OMAHA (DTN) -- The U.S. Army Corps of Engineers is proposing to conduct a long-term study of flood risk in the lower Missouri River basin, after receiving formal letters of intent from officials in Nebraska, Iowa, Kansas and Missouri offered to help partially fund what would be about a $400,000 project.
Landowners across the lower Missouri River basin watched their livelihoods swept away in last spring's bomb cyclone. Homes, livestock, bridges and highways were wiped away in parts of Nebraska.
Long after the flood waters receded in those areas, folks living along the lower Missouri River basin continued to see high water.
Devastating flooding along the 735-mile expanse of the lower basin has been a significant problem for years.
Corps of Engineers Public Affairs Chief David Kolarik told DTN the proposal awaits funding approval.
Kolarik said the Corps of Engineers has submitted a budget request for the flood risk management study for fiscal year 2020.
"This effort will review previous flood events and incorporate updates to models, evaluate the problems, opportunities, goals and objectives for the lower river," he said.
If funded, the study would formulate and evaluate measures to reduce flood risk, damages, vulnerability and to improve infrastructure resilience.
The study would be the impetus to develop a comprehensive set of measures and plans to reduce risk, enhance resiliency and to reduce the costs of repeated repairs of the system.
"The study proposes to prepare a recommended system plan in the lower Missouri River corridor to improve flood protection and include recommendations for actions at specific problem areas identified during the process by the Corps in consultation with our partners," Kolarik said.
In January, the governors of Nebraska, Iowa, Missouri and Kansas signed a memorandum of agreement to essentially pool state resources to address continued flooding concerns.
The governors of Iowa, Kansas, Missouri and Nebraska agreed to direct their respective agencies, the Iowa Department of Natural Resources, the Kansas Water Office, the Missouri Department of Natural Resources, and the Nebraska Department of Natural Resources, to conduct joint efforts on a number of fronts.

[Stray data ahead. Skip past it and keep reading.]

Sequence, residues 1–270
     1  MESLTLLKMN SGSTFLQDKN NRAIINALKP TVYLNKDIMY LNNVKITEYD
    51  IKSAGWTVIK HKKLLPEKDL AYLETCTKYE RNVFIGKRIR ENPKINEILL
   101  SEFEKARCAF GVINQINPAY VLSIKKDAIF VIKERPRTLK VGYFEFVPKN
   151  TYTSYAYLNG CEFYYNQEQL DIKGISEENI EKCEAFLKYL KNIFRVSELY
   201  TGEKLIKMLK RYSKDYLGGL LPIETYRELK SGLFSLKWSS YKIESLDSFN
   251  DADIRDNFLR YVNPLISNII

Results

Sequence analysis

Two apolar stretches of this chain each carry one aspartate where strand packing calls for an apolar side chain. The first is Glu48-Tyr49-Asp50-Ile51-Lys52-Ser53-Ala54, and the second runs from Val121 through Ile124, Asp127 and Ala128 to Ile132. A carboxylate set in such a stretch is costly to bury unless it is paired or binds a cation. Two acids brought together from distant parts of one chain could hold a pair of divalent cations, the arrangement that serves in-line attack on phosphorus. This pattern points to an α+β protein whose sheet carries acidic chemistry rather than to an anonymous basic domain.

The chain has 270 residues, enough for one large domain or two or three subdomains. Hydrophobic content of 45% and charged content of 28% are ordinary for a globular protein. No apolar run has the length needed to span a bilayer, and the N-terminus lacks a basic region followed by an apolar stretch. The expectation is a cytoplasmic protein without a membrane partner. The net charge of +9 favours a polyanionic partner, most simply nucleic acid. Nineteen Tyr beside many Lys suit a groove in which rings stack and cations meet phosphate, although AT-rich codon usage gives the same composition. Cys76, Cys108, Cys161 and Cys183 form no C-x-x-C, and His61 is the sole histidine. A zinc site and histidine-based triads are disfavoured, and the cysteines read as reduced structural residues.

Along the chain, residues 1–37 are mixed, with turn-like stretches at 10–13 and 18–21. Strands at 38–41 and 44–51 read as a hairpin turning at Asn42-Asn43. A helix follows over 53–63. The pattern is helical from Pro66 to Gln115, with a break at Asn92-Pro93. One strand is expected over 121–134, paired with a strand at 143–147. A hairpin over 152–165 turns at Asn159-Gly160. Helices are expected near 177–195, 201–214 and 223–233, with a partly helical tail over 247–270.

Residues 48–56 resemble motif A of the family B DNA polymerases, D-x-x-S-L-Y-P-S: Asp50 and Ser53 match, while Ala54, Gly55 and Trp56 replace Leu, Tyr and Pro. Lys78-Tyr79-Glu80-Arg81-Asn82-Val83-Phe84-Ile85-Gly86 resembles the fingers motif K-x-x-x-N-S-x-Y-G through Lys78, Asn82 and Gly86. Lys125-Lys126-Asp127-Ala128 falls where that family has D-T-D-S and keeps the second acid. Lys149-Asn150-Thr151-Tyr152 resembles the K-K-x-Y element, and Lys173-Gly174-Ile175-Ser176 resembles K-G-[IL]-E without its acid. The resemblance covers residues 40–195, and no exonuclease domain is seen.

That includes identifying areas of joint study to improve flood recovery and flood control to mitigate the effects of future weather-related events.
Those states will share information about actions taken by each state and coordinate actions to mitigate potential negative effects.
As part of the agreement, the states will be advocating for state leadership to guide the federal government's management of the river.
At a public meeting held in Nebraska City, Nebraska, last April, Corps officials laid out a timeline for repairs to 40 levees breached in a basin overwhelmed by flood waters.
In all, the flood disaster caused billions of dollars in damages in the basin.
The bomb cyclone dumped heavy rains on frozen ground in March 2019, and uncontrolled flood waters from the Platte River basin and the Niobrara River couldn't have been accounted for in the Corps' management of the Missouri River basin. Uncontrolled flood waters from the Platte and the Niobrara overwhelmed the four large dams in the basin. The Corps does not conduct flood control on the Niobrara.
Water releases from Gavins Point Dam in South Dakota have been a subject of controversy. The dam contains less than 1% of all of the flood storage capacity in the basin.
Just this past week, the Corps increased releases from Gavins Point to 35,000 cubic feet per second, up from 30,000 cfs, as the Corps tries to prepare for the 2020 runoff season. Typically, Gavins Point winter releases will average between 12,000 cfs to 17,000 cfs, the Corps stated.
Todd Neeley can be reached at email@example.com
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